The process of generating options and longlist appraisal is outlined in this chapter. This includes using the Options Framework-Filter process to rate choices, breaking down options into a series of choices, conducting a SWOT analysis, and considering the effect on viability through Critical Success Factors. Finally, a workshop with public service professionals, key stakeholders and experts is used to identify the maximum and minimum potential scope and several alternative options between the two extremes.

The podcast section also covers the appraisal of individual spending decisions made in the context of pre-determined budgets. This includes calculating Net Present Social Value (NPSV) and Benefits Cost Ratios (BCRs) to compare the costs and benefits of each option. Costs to society are given a negative value and benefit a positive value, which can be adjusted for inflation and discounted to calculate the NPSV for each option. This chapter provides a comprehensive overview of generating and appraising options to identify the best way forward and ensure that the objectives are met.”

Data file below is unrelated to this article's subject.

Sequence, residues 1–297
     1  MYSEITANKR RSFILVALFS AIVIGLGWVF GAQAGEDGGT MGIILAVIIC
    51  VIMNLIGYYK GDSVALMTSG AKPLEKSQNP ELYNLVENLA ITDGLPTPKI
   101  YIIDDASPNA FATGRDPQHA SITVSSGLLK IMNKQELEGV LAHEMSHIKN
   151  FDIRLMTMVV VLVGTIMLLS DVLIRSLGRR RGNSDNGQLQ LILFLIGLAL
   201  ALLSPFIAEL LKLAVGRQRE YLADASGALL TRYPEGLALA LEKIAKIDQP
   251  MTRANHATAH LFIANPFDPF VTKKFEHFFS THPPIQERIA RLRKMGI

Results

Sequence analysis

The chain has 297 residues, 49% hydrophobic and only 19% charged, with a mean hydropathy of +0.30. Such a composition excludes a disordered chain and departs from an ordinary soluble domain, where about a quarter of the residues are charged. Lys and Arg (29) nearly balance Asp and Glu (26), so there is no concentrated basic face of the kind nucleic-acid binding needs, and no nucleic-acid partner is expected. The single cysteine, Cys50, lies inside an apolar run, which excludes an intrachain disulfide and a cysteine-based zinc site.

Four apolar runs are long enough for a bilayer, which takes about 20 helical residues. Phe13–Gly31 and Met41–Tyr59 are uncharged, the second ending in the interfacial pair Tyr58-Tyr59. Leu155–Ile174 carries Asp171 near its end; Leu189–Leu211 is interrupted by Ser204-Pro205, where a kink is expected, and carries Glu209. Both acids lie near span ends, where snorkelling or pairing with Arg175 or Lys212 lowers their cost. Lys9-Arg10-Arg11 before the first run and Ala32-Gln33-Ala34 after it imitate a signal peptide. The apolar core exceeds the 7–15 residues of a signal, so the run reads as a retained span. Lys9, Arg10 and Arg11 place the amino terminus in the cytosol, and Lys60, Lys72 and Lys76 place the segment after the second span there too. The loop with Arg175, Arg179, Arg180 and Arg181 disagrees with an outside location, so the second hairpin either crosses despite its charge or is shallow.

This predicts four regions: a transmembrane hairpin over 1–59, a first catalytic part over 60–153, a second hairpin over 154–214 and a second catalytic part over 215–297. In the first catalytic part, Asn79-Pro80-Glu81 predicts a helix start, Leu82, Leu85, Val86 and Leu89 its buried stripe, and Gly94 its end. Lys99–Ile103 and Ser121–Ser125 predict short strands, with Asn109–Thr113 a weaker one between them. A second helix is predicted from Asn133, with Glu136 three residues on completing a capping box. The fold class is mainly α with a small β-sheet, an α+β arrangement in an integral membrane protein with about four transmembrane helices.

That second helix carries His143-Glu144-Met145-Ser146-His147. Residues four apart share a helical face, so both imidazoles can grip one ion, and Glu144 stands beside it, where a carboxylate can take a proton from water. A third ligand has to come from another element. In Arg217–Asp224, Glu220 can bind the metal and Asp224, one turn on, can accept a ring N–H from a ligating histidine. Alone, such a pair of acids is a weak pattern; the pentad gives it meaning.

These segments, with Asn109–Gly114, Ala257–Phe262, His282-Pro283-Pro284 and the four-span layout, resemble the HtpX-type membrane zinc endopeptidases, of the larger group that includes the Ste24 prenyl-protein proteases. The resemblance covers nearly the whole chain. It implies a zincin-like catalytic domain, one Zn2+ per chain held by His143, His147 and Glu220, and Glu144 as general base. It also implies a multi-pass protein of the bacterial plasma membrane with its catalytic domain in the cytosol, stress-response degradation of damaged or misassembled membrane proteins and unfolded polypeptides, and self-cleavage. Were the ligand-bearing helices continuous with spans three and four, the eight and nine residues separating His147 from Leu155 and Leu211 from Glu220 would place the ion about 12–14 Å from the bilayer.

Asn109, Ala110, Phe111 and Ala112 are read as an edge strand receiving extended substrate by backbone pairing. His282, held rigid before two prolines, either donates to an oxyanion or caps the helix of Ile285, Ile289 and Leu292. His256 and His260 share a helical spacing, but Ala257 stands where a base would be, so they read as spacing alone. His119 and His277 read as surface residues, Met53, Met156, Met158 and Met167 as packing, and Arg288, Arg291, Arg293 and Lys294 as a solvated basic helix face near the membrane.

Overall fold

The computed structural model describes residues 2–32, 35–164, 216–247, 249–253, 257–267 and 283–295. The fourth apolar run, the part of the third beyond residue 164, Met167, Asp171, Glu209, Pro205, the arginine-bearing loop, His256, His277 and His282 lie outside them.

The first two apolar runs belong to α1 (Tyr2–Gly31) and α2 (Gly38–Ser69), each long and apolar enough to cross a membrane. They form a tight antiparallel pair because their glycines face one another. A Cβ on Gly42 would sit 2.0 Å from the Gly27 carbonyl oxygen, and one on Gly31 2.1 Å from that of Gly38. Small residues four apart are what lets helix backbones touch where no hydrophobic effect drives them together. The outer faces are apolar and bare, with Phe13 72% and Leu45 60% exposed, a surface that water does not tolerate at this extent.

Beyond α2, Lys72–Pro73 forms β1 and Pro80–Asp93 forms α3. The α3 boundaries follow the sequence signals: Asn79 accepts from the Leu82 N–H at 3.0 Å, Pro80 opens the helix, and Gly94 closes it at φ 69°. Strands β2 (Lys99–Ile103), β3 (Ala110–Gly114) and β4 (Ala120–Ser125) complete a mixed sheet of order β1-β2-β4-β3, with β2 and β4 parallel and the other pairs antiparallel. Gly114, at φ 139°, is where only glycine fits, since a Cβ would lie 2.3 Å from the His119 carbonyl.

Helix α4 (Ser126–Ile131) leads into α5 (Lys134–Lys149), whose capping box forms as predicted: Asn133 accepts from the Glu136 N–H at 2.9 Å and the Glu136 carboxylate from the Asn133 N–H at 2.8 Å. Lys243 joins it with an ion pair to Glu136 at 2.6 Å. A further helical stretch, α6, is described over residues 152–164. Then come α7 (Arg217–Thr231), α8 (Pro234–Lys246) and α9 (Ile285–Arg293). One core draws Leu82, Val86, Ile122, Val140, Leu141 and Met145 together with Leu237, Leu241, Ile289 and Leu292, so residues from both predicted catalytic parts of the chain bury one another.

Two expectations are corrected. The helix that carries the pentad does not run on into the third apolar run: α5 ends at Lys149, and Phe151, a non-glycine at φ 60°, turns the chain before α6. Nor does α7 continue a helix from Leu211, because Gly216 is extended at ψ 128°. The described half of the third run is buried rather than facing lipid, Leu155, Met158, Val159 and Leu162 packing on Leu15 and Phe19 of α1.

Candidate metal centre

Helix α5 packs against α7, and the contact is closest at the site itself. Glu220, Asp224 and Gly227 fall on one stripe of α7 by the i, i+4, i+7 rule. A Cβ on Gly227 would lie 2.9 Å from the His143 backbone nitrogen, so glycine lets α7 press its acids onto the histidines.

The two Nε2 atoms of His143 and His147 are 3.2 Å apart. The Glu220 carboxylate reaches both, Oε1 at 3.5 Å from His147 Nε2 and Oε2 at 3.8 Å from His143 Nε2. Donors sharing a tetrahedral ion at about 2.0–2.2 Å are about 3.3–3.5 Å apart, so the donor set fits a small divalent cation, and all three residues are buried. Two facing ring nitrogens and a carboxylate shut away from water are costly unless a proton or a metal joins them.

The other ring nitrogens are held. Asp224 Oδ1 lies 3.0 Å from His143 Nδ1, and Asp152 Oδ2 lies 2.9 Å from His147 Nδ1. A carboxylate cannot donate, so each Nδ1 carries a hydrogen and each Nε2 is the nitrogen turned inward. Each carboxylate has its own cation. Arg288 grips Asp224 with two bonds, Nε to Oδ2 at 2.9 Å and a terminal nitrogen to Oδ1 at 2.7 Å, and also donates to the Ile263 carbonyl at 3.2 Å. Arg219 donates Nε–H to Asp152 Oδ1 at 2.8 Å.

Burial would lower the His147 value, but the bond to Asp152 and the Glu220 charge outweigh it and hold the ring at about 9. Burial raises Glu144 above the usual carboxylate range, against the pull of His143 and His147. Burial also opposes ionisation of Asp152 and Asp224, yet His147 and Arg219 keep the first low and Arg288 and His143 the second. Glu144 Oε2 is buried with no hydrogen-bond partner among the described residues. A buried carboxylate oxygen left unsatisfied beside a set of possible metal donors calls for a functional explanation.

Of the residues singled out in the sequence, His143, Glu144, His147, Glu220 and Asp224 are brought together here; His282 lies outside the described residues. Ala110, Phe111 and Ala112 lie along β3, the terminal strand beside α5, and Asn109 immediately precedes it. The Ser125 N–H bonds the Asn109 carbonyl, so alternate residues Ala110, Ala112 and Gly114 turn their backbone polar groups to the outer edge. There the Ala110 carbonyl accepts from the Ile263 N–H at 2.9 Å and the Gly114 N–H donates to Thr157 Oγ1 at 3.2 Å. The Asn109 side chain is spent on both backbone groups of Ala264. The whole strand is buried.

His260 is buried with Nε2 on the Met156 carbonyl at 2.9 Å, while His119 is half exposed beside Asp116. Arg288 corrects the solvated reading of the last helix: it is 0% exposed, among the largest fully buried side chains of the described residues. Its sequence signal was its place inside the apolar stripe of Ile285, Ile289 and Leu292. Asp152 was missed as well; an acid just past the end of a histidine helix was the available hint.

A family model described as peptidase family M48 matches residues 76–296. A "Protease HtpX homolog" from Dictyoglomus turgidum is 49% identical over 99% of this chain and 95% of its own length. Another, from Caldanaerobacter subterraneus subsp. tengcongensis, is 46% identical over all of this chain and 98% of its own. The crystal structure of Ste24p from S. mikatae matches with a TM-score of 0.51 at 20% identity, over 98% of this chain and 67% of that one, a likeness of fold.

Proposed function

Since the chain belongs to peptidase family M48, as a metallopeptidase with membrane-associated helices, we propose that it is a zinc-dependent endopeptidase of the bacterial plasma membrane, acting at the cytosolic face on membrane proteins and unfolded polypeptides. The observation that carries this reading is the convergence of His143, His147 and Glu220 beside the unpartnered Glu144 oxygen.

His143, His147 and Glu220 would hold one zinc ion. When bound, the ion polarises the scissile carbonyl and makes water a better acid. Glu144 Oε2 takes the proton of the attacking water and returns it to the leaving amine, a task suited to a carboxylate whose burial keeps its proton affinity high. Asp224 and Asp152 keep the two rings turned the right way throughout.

This section of the Green Book podcast outlines the appraisal framework for selecting and evaluating options for public sector interventions. It explains the importance of considering costs and benefits realistically, adjusting for inflation and discounting by the Social Time Preference Rate (STPR). It also explains the need to consider non-monetised costs and benefits and to make adjustments for optimism bias and risk. The preferred option should be selected based on the Net Present Social Value (NPSV) or Benefit Cost Ratio (BCR) and should consider the public sector spending constraint. Regulatory assessment should consider business costs and social returns should consider public sector costs in the denominator.”